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Articella nuperrime impressa cu[m] q[uam] plurimis tractatib[us] pristine impressio[n]i sup[er]additis, ut p[atet] i[n] pagina seque[n]ti. Petri Pomarii Valentini Hispani ad lectore[m] Hexastycho[n] ...
Colophon: Lugduni [Lyon], per Antonium du Ry, impensis Jacobi q. Francisci de Giuncta Florentini ac sociorum, 1525.

The Articella is a collection of medical works whose roots can be traced back to the School of Salerno, the earliest centre of organized medical instruction in medieval Europe up to the early twelfth century. By that time a core of five theoretical, medical texts in Latin translation had coalesced, which, with various accretions, went on to play a significant role in European medical eduction well into the sixteenth century. The first printed edition, which appeared about 1476 in Padua, contained the seven traditional treatises (Hunain ibn Ishaq, Johannitii Isagoge; Hippocrates, Aphorisms; Hippocrates, Prognostic; Theophilus Protopatharius, On Urines; Philaretus, On Pulses; Galenus Medical Art; Hippocratic Regimen in Acute Diseases. The second edition, dated 1483, contains additional works, including the first printing of the Hippocratic Oath in the Latin translation of Pier Paolo Vergerio (1370–1444). From this on the document became popular, appearing in four subsequent incunable editions of the Articella, as well as in early sixteenth century editions. The text of the Oath (“Iusiurandum”) is to be found on fol. XVII in the present 1525 edition. The remarkable full-page woodcut of the bloodletting man first appeared in the 1507 edition. The Oath was referred to by Soranus and others in the first century A.D. and it maintained a secure place in the Hippocratic corpus through the Middle Ages. It was translated into Arabic by Hunayn, playing a fundamental role in Islamic deontology, and appeared several times in Latin translations from the twelfth century onwards. It was, however, the inclusion of the Oath in the Articella that secured for it a central place in the European medical consciousness, a role that, once achived, it has never relinquished.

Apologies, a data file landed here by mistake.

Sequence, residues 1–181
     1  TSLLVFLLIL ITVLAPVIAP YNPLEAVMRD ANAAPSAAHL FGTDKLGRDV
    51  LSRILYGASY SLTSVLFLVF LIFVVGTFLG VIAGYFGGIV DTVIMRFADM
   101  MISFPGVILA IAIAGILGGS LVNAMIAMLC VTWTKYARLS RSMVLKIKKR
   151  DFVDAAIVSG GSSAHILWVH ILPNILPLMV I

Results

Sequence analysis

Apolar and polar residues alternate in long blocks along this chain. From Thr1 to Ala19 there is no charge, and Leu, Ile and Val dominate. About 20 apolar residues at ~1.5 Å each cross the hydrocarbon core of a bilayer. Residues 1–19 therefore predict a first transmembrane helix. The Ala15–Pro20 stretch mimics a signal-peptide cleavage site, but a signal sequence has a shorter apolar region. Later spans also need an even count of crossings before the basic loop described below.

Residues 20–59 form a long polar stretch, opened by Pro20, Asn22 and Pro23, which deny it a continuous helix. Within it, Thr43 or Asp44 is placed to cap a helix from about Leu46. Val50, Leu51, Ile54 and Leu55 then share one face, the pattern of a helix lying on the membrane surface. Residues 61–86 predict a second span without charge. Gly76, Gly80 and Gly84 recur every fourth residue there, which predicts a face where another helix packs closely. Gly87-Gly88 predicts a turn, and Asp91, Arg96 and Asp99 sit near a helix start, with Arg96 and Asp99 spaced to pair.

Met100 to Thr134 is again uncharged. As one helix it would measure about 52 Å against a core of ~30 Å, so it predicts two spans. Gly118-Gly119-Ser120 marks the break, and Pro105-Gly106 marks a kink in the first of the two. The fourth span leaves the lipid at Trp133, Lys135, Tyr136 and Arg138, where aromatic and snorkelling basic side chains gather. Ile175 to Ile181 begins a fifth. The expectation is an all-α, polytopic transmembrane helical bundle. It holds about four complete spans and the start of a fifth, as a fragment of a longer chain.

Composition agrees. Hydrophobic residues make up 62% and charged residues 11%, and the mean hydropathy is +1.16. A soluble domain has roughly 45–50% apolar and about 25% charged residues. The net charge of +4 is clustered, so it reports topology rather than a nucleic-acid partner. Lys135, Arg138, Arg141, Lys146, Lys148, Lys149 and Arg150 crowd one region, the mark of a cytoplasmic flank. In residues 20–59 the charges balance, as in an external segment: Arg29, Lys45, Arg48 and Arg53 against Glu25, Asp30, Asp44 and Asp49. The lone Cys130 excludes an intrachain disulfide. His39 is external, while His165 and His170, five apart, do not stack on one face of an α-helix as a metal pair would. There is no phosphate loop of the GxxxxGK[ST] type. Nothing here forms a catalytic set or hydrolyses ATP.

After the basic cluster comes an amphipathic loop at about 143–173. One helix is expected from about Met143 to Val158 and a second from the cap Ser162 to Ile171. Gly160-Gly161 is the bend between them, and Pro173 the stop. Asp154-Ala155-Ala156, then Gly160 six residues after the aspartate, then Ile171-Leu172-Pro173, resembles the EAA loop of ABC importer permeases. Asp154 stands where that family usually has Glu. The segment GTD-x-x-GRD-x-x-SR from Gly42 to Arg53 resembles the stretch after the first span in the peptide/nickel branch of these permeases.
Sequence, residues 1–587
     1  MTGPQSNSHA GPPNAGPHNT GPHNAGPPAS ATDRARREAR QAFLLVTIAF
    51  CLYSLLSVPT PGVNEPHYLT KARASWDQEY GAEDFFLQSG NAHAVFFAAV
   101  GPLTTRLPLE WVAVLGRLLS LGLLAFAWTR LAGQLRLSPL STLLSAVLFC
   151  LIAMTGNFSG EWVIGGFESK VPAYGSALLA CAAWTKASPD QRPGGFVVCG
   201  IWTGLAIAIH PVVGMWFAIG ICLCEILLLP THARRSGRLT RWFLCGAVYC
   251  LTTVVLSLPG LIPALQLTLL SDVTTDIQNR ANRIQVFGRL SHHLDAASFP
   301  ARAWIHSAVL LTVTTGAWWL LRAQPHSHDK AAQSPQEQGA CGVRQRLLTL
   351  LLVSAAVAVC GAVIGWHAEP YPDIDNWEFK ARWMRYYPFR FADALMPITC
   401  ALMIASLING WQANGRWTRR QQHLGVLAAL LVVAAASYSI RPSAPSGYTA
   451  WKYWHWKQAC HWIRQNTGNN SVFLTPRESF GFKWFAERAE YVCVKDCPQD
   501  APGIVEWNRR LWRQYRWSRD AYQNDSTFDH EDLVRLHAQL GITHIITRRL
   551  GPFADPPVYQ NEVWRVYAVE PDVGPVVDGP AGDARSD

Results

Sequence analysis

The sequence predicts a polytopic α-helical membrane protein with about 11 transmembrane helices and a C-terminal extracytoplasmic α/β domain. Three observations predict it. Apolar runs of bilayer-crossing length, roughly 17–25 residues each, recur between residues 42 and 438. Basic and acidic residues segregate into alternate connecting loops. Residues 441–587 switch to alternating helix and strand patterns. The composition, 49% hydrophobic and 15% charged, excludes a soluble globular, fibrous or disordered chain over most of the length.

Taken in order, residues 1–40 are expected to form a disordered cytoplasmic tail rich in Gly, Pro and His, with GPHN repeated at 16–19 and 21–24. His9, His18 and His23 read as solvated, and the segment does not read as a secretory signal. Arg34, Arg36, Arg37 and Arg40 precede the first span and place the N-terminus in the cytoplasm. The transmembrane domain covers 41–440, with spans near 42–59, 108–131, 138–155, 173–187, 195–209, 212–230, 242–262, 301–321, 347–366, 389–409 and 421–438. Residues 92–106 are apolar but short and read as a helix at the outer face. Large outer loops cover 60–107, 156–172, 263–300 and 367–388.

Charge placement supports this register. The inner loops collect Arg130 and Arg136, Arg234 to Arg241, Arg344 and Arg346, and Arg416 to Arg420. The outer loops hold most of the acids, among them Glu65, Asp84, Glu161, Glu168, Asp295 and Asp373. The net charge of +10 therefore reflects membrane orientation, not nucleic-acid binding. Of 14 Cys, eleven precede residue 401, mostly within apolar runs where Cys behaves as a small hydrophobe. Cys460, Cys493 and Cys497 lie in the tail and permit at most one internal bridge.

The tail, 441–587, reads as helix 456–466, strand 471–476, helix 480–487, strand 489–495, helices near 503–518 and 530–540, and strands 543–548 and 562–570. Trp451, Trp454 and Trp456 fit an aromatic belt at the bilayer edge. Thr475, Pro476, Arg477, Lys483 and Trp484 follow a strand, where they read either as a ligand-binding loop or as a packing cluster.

Collation: 368 leaves. Foliation irregular. Double columns. Sign.: a-z 8, a-c 8, A-U 8. Title printed in red and black within architectural woodcut border. Printer’s device on last leaf. Fullpage woodcut of blood-letting man on U4 recto. Early hand written notes especially on first and last few leaves.

Binding: Rebound around 1830 in half calf with the gilt stamp of Sv. Läkare Sällskapet on the front cover.

References: First edition (Venice, 1483): Grolier, One Hundred Books Famous in Medicine, No. 1 C; Durling, NLM, 331; Choulant p. 402; Stillwell 280; Sarton, An Appreciation of Ancient and Medieval Science during the Renaissance (1955), p 45; Waller 21 (Incunabula: Venice, 1500). Waller 21 (Incunabula: Venice, 1500).

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